Rift Between Supporters of Caucasus Emirate and IS Deepens in North Caucasus

Publication: Eurasia Daily Monitor Volume: 12 Issue: 10

Court case for the 2005 Nalchik attacks (Source: TASS)

The most talked about subject in Kabardino-Balkaria so far in 2015 is the prison sentences passed handed down to the militants who participated in the insurrection in the republican capital in 2005. On October 13 of that year, groups of militants under the command of Shamil Basaev organized an all out attack on Nalchik, engaging in street fighting and attempting to take over all government offices (Izvestia, October 17, 2005). In the ensuing fighting, 35 servicemen and 15 civilians were killed, while 129 servicemen and 66 civilians were injured (Top.rbc.ru, December 23, 2014). The real losses among the rebels are hard to assess, since the authorities included in the casualty numbers everyone killed that day, including those killed accidentally in the crossfire. According to the government, 92 terrorists were killed and 13 detained, while another 24 suspected attackers were put on the wanted list (Newsru.com, June 5, 2006).

The trial, which lasted for seven years, was the largest judicial process in contemporary Russian history in terms of the number of defendants. On December 23, 2014, the court announced sentences for 57 suspects who remained in police custody. Five of them—Anzor Mashukov, Murat Bapinaev, Aslan Kuchmenov, Rasul Kudaev and Eduard Mironov—were sentenced to life in prison (Top.rbc.ru, December 23, 2014). Thirteen suspects received various prison sentences earlier while 14 remain at large. On December 23, 52 suspects received prison sentences ranging from 4 years to 23 years (Sledcom.ru, December 23, 2014).

The objectivity of the convictions in the case can be assessed based on the case of one of the people sentenced to life, Rasul Kudaev. According to many of Kudaev’s co-villagers, on the day of the attack on Nalchik, he was in his village, yet the court still designated him as one of the organizers of the uprising. His earlier detention in Guantanamo was probably the primary reason for the latest court conviction (Kavkazsky Uzel, December 26, 2014). Based on that, Memorial human rights center proclaimed him a political prisoner (Memo.ru, January 16, 2014). The court’s biases were also illuminated in the case: the judge claimed Aslan Maskhadov, the former democratically elected president of Ichkeria, was involved in organizing the attack, even though he had been dead by then for eight months (Kommersant, March 9, 2005).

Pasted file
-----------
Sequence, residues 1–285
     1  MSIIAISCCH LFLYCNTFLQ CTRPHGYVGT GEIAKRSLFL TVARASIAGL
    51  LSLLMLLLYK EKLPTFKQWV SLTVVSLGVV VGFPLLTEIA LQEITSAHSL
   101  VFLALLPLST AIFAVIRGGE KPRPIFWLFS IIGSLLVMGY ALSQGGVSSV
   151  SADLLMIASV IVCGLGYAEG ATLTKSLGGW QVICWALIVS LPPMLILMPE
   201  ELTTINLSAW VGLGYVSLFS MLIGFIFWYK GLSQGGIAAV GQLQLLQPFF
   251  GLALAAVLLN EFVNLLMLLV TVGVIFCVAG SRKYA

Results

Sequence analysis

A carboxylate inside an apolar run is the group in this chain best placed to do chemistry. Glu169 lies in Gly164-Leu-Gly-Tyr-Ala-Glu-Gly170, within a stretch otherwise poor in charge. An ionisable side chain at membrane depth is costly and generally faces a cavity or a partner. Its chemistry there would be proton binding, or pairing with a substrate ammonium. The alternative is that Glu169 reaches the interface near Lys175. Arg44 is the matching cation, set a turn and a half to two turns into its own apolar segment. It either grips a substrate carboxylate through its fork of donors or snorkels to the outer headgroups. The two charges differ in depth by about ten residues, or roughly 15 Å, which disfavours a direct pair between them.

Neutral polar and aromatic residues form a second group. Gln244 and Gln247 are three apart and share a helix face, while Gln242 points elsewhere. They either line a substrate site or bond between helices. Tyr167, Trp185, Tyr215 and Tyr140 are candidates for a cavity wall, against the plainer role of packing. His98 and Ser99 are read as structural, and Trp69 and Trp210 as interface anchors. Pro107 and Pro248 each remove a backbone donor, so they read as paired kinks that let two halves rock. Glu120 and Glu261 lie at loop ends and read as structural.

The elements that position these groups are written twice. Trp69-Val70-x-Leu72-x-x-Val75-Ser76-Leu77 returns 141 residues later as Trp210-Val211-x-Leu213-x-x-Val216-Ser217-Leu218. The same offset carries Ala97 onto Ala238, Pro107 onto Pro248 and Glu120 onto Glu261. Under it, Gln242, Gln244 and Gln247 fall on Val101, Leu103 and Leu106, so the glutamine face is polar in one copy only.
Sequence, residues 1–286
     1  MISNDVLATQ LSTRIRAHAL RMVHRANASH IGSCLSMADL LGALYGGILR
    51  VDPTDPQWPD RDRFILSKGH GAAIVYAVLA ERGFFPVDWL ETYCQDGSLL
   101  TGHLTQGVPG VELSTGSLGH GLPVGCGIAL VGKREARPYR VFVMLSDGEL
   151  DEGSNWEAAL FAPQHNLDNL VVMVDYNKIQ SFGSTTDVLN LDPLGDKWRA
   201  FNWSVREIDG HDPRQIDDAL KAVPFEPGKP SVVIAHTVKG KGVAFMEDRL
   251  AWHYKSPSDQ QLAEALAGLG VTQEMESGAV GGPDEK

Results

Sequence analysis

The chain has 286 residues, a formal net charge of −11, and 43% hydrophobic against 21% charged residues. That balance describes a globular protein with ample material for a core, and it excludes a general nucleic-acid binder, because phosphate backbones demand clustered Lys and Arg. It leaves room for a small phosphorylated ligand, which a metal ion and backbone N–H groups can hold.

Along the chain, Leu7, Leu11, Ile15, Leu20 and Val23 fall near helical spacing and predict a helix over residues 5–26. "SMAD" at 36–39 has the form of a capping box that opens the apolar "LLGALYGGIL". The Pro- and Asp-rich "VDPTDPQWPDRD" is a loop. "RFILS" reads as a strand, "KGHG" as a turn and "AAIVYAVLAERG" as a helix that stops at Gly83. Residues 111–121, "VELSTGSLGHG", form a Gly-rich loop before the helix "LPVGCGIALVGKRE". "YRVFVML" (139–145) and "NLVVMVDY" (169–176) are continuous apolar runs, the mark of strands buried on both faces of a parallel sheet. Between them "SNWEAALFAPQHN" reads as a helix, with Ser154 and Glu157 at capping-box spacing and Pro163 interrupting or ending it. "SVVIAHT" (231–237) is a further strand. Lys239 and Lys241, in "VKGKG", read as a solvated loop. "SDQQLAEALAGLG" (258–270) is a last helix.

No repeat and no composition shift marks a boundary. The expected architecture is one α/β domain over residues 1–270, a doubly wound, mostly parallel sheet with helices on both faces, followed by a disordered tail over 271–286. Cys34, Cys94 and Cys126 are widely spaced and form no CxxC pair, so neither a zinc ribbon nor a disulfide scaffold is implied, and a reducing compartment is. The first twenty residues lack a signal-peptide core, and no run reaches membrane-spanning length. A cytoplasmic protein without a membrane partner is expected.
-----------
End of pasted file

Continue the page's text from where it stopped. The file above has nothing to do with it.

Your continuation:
While suffering significant losses in the 2005 attack, the jamaat of Kabardino-Balkaria did not become weaker: on the contrary, during the period from 2007 to 2012, it was one of the most active jamaats in the North Caucasus. One of the organizers of the attack on Nalchik, Anzor Astemirov, became a kind spiritual founder of the Caucasus Emirate.

Despite having suffered serious losses, the jamaat of Kabardino-Balkaria and Karachay (KBK) remains one of the important parts of the armed resistance in the North Caucasus. Therefore, the conviction of 57 militants is unlikely to remain without consequences, as those angered by the sentences will likely join the ranks of the rebel groups in order to retaliate against the authorities.

Incomplete data for 2014 shows that there were two terrorist attacks and 22 armed clashes in Kabardino-Balkaria, and that 59 people were victims of fighting, 42 of whom were killed and 17 wounded. These casualties included two civilians, one of whom was wounded and one killed; 19 of the casualties were servicemen, four of whom were killed and 15 wounded. Thirty-eight suspected rebels were also among the casualties, 37 of whom were killed and one wounded (Kavkazsky Uzel, December 4, 2014).

Meanwhile, the leader of the KBK, Emir Salim (Zalim Shebzukhov), announced who he will side with in the deepening dispute between the Caucasus Emirate and the Islamic State (IS). Emir Salim confirmed his oath of allegiance to the leader of the Caucasus Emirate, Sheikh Abu Muhammad (Aliaskhab Kebekov) (Islamdin.com, January 1, 2015). Emir Salim is not a novice among the rebels, even though he was officially put on the wanted list only in March 2014 (07.mvd.ru, March 19, 2014), when he was still the emir of the Central Sector of the Velayat KBK. The 28-year-old KBK emir expressed regret that some of the emirs of the Caucasus Emirate had pledged allegiance to IS leader Abu Bakr al-Baghdadi, saying this would only weaken the movement in the North Caucasus. From his speech it can be concluded that prior to deciding who he would back, he had also consulted Islamic scholars who were united in rejecting Abu Bakr al-Baghdadi’s claim about being caliph. According to Emir Salim the situation in Russia will favor the Caucasus Emirate’s endeavors since the country is doomed to fall apart. At the end of his speech, the leader of the insurgents of Kabardino-Balkaria and Karachaevo-Cherkessia called on those militants who took an oath of allegiance to Abu Bakr al-Baghdadi to return under the command of the emir of the Caucasus Emirate, Sheikh Abu Muhammad.

Emir Salim’s support is extremely important for the leader of the Caucasus Emirate, which is rapidly falling apart. If the emirs of Chechnya and Ingushetia both support Emir Abu Muhammad, the disintegration of the Caucasus Emirate may be halted, although it is unlikely that the situation can be changed significantly in the Caucasus Emirate’s favor.

The union of Emir Salim with Emir Abu Muhammad is the preferred outcome for Moscow. While the Caucasus Emirate is a regional organization, the Islamic State may potentially involve the North Caucasus in the events in Syria and Iraq, making the region part of the larger Middle Eastern problem. This means that Russian authorities might unofficially side with the Caucasus Emirate against their common enemy, the Islamic State.